The 2007 Energy Independence and Security Act mandates a five-fold increase in US biofuel production by 2022. Given this ambitious policy target, there is a need for spatially explicit estimates of landscape suitability for growing biofuel feedstocks. We developed a suitability modeling approach for two major US biofuel crops, corn (Zea mays) and switchgrass (Panicum virgatum), based upon the use of two presence-only species distribution models (SDMs): maximum entropy (Maxent) and support vector machines (SVM). SDMs are commonly used for modeling animal and plant distributions in natural environments, but have rarely been used to develop landscape models for cultivated crops. AUC, Kappa, and correlation measures derived from test data indicate that SVM slightly outperformed Maxent in modeling US corn production, although both models produced significantly accurate results. When compared with results from a mechanistic switchgrass model recently developed by Oak Ridge National Laboratory (ORNL), SVM results showed higher correlation than Maxent results with models fit using county-scale point inputs of switchgrass production derived from expert opinion estimates. However, Maxent results for an alternative switchgrass model developed with point inputs from research trial sites showed higher correlation to the ORNL model than the corresponding results obtained from SVM. Further analysis indicates that both modeling approaches were effective in predicting county-scale increases in corn production from 2006 to 2007, a time period in which US corn production increased by 24%. We conclude that presence-only methods are a powerful first-cut tool for estimating relative land suitability across geographic regions in which candidate biofuel feedstocks can be grown, and may also provide important insight into potential land-use change patterns likely to be associated with increased biofuel demand.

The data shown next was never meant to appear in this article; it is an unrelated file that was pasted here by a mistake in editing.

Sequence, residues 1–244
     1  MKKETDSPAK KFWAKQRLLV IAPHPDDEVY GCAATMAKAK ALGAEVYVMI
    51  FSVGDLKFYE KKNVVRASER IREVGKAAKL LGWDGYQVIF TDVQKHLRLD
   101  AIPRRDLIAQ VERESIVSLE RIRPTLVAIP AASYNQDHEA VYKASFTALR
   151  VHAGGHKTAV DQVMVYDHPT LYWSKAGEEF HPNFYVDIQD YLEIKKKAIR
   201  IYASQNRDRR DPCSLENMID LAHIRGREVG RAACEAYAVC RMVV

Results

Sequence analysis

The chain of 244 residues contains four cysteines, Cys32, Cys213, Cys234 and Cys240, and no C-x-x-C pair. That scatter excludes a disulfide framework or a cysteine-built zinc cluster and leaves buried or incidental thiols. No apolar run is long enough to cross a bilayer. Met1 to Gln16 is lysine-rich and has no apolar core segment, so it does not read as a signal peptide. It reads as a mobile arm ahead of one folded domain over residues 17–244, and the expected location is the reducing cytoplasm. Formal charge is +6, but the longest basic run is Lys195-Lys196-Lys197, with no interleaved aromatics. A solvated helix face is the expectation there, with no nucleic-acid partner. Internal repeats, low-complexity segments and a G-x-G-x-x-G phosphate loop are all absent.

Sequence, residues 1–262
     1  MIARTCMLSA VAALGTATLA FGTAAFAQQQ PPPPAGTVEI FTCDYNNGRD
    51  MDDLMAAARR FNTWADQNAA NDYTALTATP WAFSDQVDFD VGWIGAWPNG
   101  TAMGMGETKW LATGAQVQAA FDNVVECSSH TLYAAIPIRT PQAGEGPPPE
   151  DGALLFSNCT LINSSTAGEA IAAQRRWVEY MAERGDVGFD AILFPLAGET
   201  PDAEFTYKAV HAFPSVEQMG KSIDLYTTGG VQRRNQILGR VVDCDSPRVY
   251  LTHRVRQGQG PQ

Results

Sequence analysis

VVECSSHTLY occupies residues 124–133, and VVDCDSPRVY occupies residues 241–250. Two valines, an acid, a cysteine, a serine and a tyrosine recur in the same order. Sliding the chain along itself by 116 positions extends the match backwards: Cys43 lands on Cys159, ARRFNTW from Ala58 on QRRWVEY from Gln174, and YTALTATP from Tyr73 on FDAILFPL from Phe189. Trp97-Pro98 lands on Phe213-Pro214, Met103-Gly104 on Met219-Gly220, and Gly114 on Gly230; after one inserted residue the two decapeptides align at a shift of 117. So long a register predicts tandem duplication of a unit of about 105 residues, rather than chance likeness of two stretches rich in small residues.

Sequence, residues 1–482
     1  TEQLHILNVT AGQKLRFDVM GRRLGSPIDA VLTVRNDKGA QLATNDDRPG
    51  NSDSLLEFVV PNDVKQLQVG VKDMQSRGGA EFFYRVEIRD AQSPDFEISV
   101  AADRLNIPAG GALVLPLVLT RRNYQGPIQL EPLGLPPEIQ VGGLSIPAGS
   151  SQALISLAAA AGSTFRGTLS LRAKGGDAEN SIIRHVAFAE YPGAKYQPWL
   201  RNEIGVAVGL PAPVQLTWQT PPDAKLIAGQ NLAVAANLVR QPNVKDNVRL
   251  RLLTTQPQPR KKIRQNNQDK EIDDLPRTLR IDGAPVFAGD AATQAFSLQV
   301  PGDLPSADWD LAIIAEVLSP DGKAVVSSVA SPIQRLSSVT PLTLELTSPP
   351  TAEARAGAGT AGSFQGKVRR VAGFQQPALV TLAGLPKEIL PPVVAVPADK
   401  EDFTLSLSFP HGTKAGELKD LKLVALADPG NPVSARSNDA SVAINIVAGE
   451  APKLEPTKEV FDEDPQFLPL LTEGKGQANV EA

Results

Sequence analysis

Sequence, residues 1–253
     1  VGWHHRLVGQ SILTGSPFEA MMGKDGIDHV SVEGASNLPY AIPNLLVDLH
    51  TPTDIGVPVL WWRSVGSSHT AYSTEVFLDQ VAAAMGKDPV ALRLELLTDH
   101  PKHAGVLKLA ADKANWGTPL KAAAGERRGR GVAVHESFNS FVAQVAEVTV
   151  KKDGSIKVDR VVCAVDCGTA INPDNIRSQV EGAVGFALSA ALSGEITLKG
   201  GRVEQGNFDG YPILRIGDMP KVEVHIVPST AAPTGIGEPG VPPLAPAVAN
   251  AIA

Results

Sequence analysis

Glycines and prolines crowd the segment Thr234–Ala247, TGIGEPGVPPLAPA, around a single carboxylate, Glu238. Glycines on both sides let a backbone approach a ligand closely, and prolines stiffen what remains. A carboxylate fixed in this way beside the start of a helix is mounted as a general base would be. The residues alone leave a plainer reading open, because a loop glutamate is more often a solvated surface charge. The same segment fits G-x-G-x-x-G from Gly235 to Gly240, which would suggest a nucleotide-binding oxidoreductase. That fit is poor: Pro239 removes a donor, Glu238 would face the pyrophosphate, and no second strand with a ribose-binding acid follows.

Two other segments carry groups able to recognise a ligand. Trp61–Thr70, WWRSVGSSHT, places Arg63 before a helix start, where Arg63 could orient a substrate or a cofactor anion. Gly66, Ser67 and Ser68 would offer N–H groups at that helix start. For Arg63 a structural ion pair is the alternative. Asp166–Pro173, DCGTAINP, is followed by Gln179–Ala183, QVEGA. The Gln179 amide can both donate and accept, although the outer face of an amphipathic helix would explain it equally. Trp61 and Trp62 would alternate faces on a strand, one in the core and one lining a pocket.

Introduction